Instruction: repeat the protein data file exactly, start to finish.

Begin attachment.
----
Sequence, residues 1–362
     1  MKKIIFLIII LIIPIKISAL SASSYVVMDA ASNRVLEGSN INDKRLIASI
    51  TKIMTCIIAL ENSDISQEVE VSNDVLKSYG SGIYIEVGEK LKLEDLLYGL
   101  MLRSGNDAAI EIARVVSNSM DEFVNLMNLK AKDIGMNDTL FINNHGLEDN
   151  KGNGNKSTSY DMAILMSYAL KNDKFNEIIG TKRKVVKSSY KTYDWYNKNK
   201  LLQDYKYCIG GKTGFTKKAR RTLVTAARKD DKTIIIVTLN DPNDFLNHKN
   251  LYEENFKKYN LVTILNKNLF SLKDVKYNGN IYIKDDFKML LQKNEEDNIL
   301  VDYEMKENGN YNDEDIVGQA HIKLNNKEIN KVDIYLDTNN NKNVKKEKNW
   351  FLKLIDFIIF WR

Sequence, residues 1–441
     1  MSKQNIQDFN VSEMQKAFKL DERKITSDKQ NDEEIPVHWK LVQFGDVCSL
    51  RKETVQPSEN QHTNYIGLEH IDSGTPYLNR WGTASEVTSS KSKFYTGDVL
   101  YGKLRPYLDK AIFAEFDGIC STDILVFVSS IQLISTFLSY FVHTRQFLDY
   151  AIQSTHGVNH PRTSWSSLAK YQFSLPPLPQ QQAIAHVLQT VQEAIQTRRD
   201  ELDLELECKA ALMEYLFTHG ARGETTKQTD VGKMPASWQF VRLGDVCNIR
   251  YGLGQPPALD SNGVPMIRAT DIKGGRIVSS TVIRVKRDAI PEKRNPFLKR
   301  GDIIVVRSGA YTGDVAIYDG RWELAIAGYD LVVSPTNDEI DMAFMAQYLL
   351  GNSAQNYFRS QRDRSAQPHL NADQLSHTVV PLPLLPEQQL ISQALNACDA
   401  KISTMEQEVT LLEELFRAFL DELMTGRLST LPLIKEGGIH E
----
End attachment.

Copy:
Sequence, residues 1–362
     1  MKKIIFLIII LIIPIKISAL SASSYVVMDA ASNRVLEGSN INDKRLIASI
    51  TKIMTCIIAL ENSDISQEVE VSNDVLKSYG SGIYIEVGEK LKLEDLLYGL
   101  MLRSGNDAAI EIARVVSNSM DEFVNLMNLK AKDIGMNDTL FINNHGLEDN
   151  KGNGNKSTSY DMAILMSYAL KNDKFNEIIG TKRKVVKSSY KTYDWYNKNK
   201  LLQDYKYCIG GKTGFTKKAR RTLVTAARKD DKTIIIVTLN DPNDFLNHKN
   251  LYEENFKKYN LVTILNKNLF SLKDVKYNGN IYIKDDFKML LQKNEEDNIL
   301  VDYEMKENGN YNDEDIVGQA HIKLNNKEIN KVDIYLDTNN NKNVKKEKNW
   351  FLKLIDFIIF WR

Sequence, residues 1–441
     1  MSKQNIQDFN VSEMQKAFKL DERKITSDKQ NDEEIPVHWK LVQFGDVCSL
    51  RKETVQPSEN QHTNYIGLEH IDSGTPYLNR WGTASEVTSS KSKFYTGDVL
   101  YGKLRPYLDK AIFAEFDGIC STDILVFVSS IQLISTFLSY FVHTRQFLDY
   151  AIQSTHGVNH PRTSWSSLAK YQFSLPPLPQ QQAIAHVLQT VQEAIQTRRD
   201  ELDLELECKA ALMEYLFTHG ARGETTKQTD VGKMPASWQF VRLGDVCNIR
   251  YGLGQPPALD SNGVPMIRAT DIKGGRIVSS TVIRVKRDAI PEKRNPFLKR
   301  GDIIVVRSGA YTGDVAIYDG RWELAIAGYD LVVSPTNDEI DMAFMAQYLL
   351  GNSAQNYFRS QRDRSAQPHL NADQLSHTVV PLPLLPEQQL ISQALNACDA
   401  KISTMEQEVT LLEELFRAFL DELMTGRLST LPLIKEGGIH E